It was getting late in the yarden. The dregs of the dessert wine were being tackled. The week had ended with a three-course dinner prepped, cooked, plated and served by the junior chefs under the benign but exacting tutelage of G.

They made Ginger Rocket cocktails, poured wine, served prawn spring rolls with satay sauce for starters and epic fried chicken with potato salad made with home-made garlic mayonnaise and charred romaine lettuce with crispy bacon bits for main course. They had made a very alcohol-forward tiramisu for dessert.

In addition, there was after-dinner cabaret including sweetly harmonised hymns and curse-laden sketches from Derry Girls. As a cultural and gastronomic evening out, it had pretty much everything.

Now the children, exhausted from their exertions, were in the attic whispering secret things to each other while watching something inappropriate on Netflix. Meanwhile, the adults were outside listening to “nuns in caves”, fifth movement: the stalactite years. And a bit of Prefab Sprout.

I realised how much I had missed it, that part of the evening when enough drink has been taken but not enough so anyone is messy. When you’re talking about nothing but it seems to be about everything. When conversations happen that will be taken out, and polished up to enliven future gatherings. I had one of those moments when my friend G failed to offer to make me a spiceburger, assuming that S, the other man in our group, would be the only one interested in such a proposal.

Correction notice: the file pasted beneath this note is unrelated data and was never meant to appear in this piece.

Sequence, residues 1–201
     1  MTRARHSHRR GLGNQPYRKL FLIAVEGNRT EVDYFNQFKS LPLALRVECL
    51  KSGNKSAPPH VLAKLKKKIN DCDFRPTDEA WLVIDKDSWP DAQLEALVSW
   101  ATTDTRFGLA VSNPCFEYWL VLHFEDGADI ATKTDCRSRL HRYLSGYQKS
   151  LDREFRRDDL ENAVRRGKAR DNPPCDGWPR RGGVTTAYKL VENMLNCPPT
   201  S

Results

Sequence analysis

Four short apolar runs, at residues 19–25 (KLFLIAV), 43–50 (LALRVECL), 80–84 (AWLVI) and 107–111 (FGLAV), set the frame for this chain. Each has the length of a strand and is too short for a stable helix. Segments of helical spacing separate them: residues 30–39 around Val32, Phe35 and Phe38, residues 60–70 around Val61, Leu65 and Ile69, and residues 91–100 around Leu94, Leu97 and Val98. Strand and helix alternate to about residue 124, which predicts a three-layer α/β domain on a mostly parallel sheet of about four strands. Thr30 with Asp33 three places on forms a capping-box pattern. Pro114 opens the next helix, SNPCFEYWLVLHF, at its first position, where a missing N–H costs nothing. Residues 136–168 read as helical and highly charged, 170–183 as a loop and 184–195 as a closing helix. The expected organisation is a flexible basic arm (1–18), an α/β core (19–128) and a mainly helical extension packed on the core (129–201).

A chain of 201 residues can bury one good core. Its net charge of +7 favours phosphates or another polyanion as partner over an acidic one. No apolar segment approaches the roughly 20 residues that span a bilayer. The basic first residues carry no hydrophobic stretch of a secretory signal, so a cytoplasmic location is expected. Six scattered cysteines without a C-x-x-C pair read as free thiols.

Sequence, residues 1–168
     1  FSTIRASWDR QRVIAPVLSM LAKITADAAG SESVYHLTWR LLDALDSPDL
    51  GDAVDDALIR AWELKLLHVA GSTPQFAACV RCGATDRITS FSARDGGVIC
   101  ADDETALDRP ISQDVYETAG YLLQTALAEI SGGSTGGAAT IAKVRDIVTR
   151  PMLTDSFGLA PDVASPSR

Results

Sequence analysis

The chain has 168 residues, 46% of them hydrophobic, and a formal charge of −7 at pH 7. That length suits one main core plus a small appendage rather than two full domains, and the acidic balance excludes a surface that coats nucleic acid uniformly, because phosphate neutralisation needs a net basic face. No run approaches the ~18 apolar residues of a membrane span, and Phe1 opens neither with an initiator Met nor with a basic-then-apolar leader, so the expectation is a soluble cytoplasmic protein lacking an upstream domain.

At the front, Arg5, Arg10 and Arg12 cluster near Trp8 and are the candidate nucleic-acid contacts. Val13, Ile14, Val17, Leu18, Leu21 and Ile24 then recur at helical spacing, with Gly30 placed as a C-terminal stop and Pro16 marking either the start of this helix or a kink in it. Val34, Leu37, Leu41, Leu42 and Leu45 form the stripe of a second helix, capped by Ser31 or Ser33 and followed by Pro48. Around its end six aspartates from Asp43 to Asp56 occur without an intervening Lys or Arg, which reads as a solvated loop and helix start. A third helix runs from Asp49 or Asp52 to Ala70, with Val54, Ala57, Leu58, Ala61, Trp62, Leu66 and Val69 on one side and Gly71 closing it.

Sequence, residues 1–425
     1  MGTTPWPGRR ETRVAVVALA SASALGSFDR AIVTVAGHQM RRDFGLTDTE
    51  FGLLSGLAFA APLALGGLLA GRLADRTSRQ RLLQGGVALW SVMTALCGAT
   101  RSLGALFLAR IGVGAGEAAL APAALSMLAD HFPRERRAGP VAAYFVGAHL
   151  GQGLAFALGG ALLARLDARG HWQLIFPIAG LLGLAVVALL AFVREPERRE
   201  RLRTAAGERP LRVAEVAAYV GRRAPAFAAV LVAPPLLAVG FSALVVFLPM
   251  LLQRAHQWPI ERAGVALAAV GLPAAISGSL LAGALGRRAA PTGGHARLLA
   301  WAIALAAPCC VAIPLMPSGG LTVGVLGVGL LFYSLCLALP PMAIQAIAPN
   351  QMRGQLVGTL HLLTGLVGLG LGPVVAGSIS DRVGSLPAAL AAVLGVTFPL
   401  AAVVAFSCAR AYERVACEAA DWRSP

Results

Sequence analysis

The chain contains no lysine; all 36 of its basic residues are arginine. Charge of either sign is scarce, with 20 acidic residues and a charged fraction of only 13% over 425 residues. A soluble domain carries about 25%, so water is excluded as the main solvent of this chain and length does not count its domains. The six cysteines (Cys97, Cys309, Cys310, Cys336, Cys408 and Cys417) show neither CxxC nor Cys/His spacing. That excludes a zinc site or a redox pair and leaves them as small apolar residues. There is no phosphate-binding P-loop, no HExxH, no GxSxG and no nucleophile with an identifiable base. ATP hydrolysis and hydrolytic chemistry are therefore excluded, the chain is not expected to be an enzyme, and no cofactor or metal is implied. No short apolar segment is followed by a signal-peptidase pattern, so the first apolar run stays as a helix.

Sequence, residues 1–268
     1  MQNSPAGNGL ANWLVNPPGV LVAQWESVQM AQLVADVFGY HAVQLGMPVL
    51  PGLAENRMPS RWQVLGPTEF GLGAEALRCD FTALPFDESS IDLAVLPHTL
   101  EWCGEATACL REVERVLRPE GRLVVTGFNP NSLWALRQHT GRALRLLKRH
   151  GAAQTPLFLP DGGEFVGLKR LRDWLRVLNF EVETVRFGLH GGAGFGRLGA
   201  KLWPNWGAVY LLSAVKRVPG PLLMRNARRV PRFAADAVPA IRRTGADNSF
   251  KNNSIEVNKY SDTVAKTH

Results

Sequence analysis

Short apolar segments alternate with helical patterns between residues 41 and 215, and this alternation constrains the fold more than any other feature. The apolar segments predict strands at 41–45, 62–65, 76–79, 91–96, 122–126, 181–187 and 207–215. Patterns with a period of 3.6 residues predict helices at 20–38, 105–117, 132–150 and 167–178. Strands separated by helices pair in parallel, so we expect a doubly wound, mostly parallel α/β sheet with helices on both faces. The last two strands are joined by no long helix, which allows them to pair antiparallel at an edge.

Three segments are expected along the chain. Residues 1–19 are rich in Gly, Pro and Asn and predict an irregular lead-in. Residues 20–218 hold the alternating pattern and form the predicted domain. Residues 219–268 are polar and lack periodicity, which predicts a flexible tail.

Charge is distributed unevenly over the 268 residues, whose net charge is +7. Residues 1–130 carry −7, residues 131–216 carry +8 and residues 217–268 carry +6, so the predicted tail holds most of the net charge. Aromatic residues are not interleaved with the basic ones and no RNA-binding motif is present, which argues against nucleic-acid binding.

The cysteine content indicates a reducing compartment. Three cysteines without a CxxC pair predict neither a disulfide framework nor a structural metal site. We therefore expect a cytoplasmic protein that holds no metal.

G was standing over at the kitchen looking out at us, talking about how E – who grew up in Asia – had her first spiceburger the other day. She took one bite of this delicacy and declared it, with astonishing accuracy, to be “the Dublin falafel”. G remembered he had spiceburgers in the fridge. He offered one to S, who was now contemplating the offer.

I waited, as someone with a known and clear interest in all foods of the fast genre, to be asked.

And I waited some more.

“What am I chopped liver?” I eventually said after it became clear an offer was not going to be forthcoming.

“Why did you ask S and not me?”

“Because the patriarchy,” said S astutely, him being the biggest feminist in the yarden.

A contrite G made both of us spiceburgers then and came out with them on plates with some of the garlic mayonnaise on the side. S, a purist as well as a feminist, eschewed the mayonnaise while I closed my eyes, alternatively dipping and chewing mindfully and marvelling at how a “burger” containing 10 per cent mystery meats and a load of spices of unknown origin could be so sublime.

An educator who is always willing to be educated, G said he intended to reflect deeply on #spiceburgergate and develop “learning outcomes”, which would be employed at a later date.

The things you learn and the things you remember when you are allowed be together again, talking shite, eating Irish delicacies and setting the world to rights: Always offer a woman a spiceburger.

And feck the patriarchy. Obviously.

roisin@irishtimes.com